Game of Thrones: Why the Saudi Succession Spells Instability in the Long Term

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Crown Prince Sultan bin Abdul-Aziz Al Saud, left, speaks with his brother King Abdullah in 2008. (Photo: Hassan Ammar / AP)

The death of Saudi Arabia Crown Prince Sultan on Saturday came as no surprise. For years the 86-year-old Saudi defense minister and brother to the king had been ailing, and in fact had been undergoing treatment for cancer in the United States when he died. The appointment of another brother, Prince Nayef, 78, as King Abdullah’s (age 87) next in line won’t take anyone by surprise either – essentially he was appointed deputy crown prince two years ago, when it became clear that the King might outlast his original heir. And while there is some speculation over who will now fall into second place—King Abdullah’s third brother and governor of Riyadh Prince Salman, 75 is a likely choice, though the king’s half brother and Foreign Intelligence Chief Prince Muqrim, at a relatively sprightly 68, is also a contender—what is clear is that little will actually change in the Kingdom, and that is just how both Saudi rulers, and their U.S. patrons, want it. But for how long will that stability last?

There was some speculation that the popular Mecca Governor Prince Khalid bin Faisal could also be in the running. At 71, he may hit the mid range of the succession age spectrum, but his position of grandson to modern Saudi Arabia’s founding monarch, Abdul-Aziz, as opposed to son, would have represented a revolutionary change that would have repercussions not only in the uppermost ranks of the country’s leadership, but could also open doors to a much younger and progressive generation in key ministries. “The thing to watch now is what happens in the ministries,” says Gregory Gause, International Relations professor at the University of Vermont and a specialist in the opaque world of Saudi government. Will Nayef give up his position of Minister of Interior to another brother or a son? Will Sultan’s death open the door to his own son at the Ministry of Defense? “These are all indications of whether they are trying to keep the ministries in the hands of the old generation or passing them down,” says Gause.

With most of those directly in line to the throne hobbling about with canes, hip replacements or in wheel chairs, one could be forgiven for thinking of Saudi palaces as particularly well-appointed old age homes. The next few decades in Saudi Arabia are likely to be marked by a succession of funerals and coronations as the top position in the world’s largest oil exporter cycles through a generation that had more to do with the Kingdom’s foundations than it does with the country’s future. As the crown passes from head to head, it is likely to slow the process of reform and progress in a kingdom that in many ways still feels mired in the last century. The ruling family’s authoritarian grip on power may provide stability in the short term, but with half the population under the age of 18, and with a leadership almost entirely above the age of 70, it seems inevitable that tensions will rise.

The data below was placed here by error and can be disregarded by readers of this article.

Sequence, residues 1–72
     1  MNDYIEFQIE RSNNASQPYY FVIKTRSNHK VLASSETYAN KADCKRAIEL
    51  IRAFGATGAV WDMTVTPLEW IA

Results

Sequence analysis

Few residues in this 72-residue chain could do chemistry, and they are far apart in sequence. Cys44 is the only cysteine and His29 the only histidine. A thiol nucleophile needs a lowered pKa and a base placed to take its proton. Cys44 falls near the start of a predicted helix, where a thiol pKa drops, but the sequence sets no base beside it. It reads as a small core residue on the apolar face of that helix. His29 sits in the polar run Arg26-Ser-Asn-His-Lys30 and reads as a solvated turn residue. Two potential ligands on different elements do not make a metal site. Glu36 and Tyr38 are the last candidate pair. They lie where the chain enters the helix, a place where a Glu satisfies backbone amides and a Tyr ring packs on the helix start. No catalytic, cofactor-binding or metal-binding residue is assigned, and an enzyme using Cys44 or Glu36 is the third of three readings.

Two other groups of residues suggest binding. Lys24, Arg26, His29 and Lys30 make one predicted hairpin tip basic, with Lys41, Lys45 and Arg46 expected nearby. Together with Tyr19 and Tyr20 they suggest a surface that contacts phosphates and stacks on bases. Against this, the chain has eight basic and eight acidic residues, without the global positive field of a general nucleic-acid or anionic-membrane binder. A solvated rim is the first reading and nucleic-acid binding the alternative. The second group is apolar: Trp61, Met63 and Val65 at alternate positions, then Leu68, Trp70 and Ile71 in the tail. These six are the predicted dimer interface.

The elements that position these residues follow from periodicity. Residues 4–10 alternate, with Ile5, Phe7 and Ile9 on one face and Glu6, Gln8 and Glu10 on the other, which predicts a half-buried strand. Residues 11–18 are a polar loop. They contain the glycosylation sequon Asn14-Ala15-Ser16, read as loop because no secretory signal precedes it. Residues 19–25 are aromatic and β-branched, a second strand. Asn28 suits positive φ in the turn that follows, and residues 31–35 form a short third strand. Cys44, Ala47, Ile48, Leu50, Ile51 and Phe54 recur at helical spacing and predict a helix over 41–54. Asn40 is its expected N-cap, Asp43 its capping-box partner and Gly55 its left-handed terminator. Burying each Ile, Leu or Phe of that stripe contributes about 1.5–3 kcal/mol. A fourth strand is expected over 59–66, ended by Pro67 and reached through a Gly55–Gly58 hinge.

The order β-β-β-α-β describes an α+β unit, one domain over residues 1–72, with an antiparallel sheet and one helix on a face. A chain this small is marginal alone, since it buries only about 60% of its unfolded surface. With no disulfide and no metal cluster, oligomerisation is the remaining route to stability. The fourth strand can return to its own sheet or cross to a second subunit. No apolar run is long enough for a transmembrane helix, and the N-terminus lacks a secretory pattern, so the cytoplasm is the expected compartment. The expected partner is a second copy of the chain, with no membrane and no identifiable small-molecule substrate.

“These demographics are a warning bell no matter how old or young the leadership is,” says Gause. “This time the Saudis dodged the oncoming train of the Arab spring, but its not because they don’t have problems. They do. Unemployment is high in Saudi, just like it was in Egypt and Tunisia.” King Abdullah, who is currently recovering from major surgery in a Riyadh hospital, managed to stave off the Arab spring with a skillful combination of carrots and sticks. He announced a massive increase in public spending—some $130 billion over the next decade—on education reform, jobs and public housing for young Saudis. At the same time he enacted a fierce media law that prohibits criticism of the regime, and helped neighboring Bahrain’s violent crackdown on their own reformist uprising. He announced that women would be able to vote for the first time in 2015’s local council elections, but the security agencies have also detained and threatened to flog women who defied the decades old ban on female drivers. The king has made it clear that reform will be on the leadership’s schedule, not on the people’s will. And as long as the Saudis have money, says Gause, “they have wiggle room.”

As for the younger generation of Saudi rulers? There is certainly talent to be mined. But with thousands of descendants of the founding royal family clamoring for position and recognition, its unlikely that the succession will be smooth. As long as the sons of Abdul-Aziz are in power, the transitions will go in relatively orderly fashion, says Gause. “But at some point it will have to go to the next generation. Some lines of the family will be privileged, and others will be sidelined. That will be tricky.” It opens up the possibility of splits in the family, political mobilization and mass politics – in short the very kind of instability that King Abdullah is currently trying to prevent. It may take a generation or two, but the Arab spring could yet bloom in the Saudi desert.

Aryn Baker is TIME’s Middle East Bureau Chief, based in Beirut. Find her on Twitter at @arynebaker. You can also continue the discussion on TIME’s Facebook page and on Twitter at @TIMEWorld.